Collection Development, School Libraries, Work Stuff

It’s been an interesting few weeks

Spring Break was, for me, just that: a break.  I traveled, did some work, and mostly just got ready for the sprint to the end of the school year (only seven weeks left, but who’s counting?).

Today I presented at the Alabama Library Association’s conference (thanks to Wendy for inviting me!), which meant updating my presentation on shelving.  I had the opportunity to reflect on what we’re doing, and where we’re going with our collection (particularly as our move to the “new” space draws nearer).  In conversations with the Head of our History Department, we’ve talked about where students can best find certain information.  YMMV, but at Hackley our students aren’t studying civil rights as a separate thing, it’s interwoven into the history curriculum.  So, all those books on slavery and the civil rights movement need to move from the 300s to the 900s.  This was reaffirmed during our recent 20th Century World project, when students were doing projects on how American culture helped end apartheid (remember divestiture?  I do) and on SNCC: without that cultural context, those movements might not make sense to younger researchers.

I wrote a blog post for AASL about our budgeting issues; looking at Shonda Brisco’s map of schools without librarians has given me pause.  Hackley definitely supports the library, for which I am grateful.  But what about the students here who live in a community that doesn’t have a good public library (or has one that is facing staffing or opening hours reductions)?  I know they can’t come to my library as much as they may need for research because they have other commitments (like sports, play practice, jobs, etc, not to mention classes), so closing their local library or making it less accessible will hurt them.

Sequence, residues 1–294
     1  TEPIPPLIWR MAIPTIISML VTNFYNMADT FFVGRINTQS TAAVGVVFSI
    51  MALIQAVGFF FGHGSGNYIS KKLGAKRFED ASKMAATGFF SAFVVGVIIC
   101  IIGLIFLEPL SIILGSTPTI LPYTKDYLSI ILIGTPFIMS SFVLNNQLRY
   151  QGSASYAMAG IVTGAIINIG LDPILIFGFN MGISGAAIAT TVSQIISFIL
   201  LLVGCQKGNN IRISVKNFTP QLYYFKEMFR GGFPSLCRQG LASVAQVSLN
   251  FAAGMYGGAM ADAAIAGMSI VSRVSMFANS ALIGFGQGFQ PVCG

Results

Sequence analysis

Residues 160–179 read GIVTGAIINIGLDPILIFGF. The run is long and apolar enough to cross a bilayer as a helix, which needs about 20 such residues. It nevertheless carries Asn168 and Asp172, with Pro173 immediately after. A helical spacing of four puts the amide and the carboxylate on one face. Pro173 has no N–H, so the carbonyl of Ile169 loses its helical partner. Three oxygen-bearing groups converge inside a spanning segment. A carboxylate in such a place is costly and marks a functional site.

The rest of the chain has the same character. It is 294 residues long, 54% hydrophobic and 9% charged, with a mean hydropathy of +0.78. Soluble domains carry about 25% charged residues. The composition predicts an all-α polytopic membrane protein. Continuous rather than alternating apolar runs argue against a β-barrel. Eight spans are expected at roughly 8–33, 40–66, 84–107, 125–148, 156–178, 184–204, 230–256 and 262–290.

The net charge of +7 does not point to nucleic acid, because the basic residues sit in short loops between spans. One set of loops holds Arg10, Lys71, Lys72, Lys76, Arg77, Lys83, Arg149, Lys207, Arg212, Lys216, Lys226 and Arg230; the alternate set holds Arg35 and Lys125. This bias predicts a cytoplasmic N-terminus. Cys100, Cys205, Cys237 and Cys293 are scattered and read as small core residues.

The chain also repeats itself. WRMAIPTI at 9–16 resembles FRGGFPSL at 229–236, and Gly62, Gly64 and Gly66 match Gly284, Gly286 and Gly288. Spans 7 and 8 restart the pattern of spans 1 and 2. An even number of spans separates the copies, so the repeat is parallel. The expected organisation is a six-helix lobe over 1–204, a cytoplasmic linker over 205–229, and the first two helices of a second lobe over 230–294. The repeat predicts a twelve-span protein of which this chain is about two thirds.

I wish we could overlay the map of schools and communities: how many students nationwide will be left with no librarians, and no library access?  How many will lose access to quality databases because neither their school nor their public library can afford them?  Who will teach them to locate information, or help them with reference questions?

In the town in which my parents live, there was no public library until about 20 years ago; people would go to the bookmobile or to the Utica Public Library to borrow books and do research.  Of course, that depended on good driving conditions and your ability to get there when the library was open (or the bookmobile made its rounds).  What will happen if the town (and country) shut down the libraries?

I’d like to think that, thanks to the support Hackley has given the library, we have a good collection.  Making the print resources accessible to our students is critical, as is pointing them towards electronic resources.  That they can use the electronic resources when they cannot physically come to the library is wonderful, but I do worry about their ability to find quality print resources when this library is closed.  I also worry that as they see their local school libraries and public libraries closing, they will start to think that society doesn’t value libraries, so why should they?

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